[Marxism] Thomas Piketty and His Critics - NYTimes.com
lnp3 at panix.com
Wed May 14 11:35:48 MDT 2014
It may be that Piketty is right that traditional liberal policies are
largely ineffective. There are, however, grounds to challenge this
pessimism. Support for this challenge can be found not only on the left,
but also on the center-right.
Kenneth Rogoff, a Harvard economist, contends in a review of Piketty’s
book that “the idea of a global wealth tax is replete with credibility
and enforcement problems, aside from being politically implausible.”
Rogoff views evidence of growing inequality presented by Piketty and
others as “persuasive” and he proposes a number of alternative,
smaller-scale remedies to control disproportionate wealth accumulation.
He suggests a shift to a “relatively flat consumption tax, with a large
deductible for progressivity.” Consumption taxes apply to spending, as
opposed to income taxes that are levied on wages, benefits, profits from
sales, dividends and other gains. Why, Rogoff asks, should we “try to
move to an improbable global wealth tax when alternatives are available
that are growth friendly, raise significant revenue, and can be made
progressive through a very high exemption”?
Researchers Finally Replicated Reinhart-Rogoff, and There Are Serious
Apr 16, 2013
In 2010, economists Carmen Reinhart and Kenneth Rogoff released a paper,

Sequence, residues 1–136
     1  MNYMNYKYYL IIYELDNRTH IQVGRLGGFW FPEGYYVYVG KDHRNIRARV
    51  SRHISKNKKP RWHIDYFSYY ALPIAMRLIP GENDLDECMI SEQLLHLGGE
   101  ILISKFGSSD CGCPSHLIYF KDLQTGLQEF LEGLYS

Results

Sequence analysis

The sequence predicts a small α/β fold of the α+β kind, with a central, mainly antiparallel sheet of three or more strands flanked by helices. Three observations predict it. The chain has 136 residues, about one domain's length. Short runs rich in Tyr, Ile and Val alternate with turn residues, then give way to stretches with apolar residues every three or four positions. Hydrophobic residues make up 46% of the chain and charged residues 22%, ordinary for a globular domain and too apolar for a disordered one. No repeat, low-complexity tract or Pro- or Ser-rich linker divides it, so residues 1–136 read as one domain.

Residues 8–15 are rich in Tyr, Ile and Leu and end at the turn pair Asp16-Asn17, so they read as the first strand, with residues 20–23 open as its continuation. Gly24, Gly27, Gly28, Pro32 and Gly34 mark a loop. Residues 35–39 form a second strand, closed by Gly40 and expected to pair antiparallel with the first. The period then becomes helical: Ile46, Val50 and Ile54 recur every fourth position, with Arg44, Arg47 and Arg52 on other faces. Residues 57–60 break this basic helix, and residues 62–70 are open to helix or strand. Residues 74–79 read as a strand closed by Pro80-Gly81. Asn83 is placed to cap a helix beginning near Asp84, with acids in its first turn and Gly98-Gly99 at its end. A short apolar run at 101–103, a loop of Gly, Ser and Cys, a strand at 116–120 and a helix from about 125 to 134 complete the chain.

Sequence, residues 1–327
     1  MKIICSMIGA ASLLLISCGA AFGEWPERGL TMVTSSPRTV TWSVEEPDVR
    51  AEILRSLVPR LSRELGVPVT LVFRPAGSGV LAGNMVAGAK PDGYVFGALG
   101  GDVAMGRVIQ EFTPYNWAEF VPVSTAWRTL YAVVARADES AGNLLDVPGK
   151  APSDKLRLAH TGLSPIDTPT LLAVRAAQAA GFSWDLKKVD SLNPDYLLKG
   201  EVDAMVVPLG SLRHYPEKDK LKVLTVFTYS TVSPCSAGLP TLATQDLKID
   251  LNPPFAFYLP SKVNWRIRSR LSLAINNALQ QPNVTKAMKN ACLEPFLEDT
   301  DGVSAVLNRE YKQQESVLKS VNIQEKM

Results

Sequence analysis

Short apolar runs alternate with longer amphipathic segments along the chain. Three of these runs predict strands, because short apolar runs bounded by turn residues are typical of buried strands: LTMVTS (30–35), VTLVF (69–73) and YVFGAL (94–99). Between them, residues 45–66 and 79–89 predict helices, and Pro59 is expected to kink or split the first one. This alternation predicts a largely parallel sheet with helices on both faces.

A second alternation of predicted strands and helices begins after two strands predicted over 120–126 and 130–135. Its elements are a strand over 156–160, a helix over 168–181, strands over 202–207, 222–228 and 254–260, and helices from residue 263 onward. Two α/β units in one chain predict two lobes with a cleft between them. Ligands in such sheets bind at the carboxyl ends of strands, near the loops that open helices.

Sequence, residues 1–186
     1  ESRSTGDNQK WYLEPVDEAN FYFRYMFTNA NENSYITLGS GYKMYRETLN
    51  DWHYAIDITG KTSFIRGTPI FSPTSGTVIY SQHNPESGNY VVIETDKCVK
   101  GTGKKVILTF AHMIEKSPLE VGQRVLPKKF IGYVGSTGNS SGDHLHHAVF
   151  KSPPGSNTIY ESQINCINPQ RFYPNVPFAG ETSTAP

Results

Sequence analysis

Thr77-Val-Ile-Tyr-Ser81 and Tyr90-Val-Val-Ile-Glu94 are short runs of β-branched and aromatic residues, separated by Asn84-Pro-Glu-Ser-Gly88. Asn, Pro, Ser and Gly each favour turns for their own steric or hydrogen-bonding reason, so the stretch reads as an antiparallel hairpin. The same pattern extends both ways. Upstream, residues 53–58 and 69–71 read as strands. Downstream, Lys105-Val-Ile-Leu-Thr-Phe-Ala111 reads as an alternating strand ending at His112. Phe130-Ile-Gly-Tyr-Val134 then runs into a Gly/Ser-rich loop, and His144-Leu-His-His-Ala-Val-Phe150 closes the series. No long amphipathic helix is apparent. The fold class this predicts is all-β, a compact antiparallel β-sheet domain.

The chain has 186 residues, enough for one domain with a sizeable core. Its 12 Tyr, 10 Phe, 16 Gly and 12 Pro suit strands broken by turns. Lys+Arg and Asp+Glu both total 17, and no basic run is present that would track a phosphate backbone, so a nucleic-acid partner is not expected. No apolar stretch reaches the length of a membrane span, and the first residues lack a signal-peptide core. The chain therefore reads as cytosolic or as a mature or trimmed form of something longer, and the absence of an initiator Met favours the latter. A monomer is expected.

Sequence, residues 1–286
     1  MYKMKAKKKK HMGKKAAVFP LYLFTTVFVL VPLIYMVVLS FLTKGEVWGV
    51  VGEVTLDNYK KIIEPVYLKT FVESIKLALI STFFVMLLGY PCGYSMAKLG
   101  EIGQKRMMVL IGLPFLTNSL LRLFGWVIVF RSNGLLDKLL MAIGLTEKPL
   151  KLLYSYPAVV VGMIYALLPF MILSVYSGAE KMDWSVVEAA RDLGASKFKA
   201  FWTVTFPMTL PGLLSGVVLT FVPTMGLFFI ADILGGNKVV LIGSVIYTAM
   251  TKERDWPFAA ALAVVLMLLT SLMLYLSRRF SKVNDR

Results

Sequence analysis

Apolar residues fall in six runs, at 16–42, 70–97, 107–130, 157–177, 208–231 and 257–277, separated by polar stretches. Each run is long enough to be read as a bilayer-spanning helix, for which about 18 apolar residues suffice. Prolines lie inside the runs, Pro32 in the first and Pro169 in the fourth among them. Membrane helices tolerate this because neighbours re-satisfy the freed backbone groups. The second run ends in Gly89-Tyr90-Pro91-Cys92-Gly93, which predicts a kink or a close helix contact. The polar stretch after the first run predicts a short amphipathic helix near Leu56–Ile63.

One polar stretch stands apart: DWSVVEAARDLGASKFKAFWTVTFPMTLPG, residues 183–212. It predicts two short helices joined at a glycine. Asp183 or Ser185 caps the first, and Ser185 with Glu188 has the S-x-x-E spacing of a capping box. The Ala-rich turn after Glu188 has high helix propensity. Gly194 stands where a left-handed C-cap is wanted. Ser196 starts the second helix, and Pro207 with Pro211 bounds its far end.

"Growth in a Time of Debt." Their "main result is that...median growth
rates for countries with public debt over 90 percent of GDP are roughly
one percent lower than otherwise; average (mean) growth rates are
several percent lower." Countries with debt-to-GDP ratios above 90
percent have a slightly negative average growth rate, in fact.
This has been one of the most cited stats in the public debate during
the Great Recession. Paul Ryan's Path to Prosperity budget states their
study "found conclusive empirical evidence that [debt] exceeding 90
percent of the economy has a significant negative effect on economic
growth." The Washington Post editorial board takes it as an economic
consensus view, stating that "debt-to-GDP could keep rising — and stick
dangerously near the 90 percent mark that economists regard as a threat
to sustainable economic growth."
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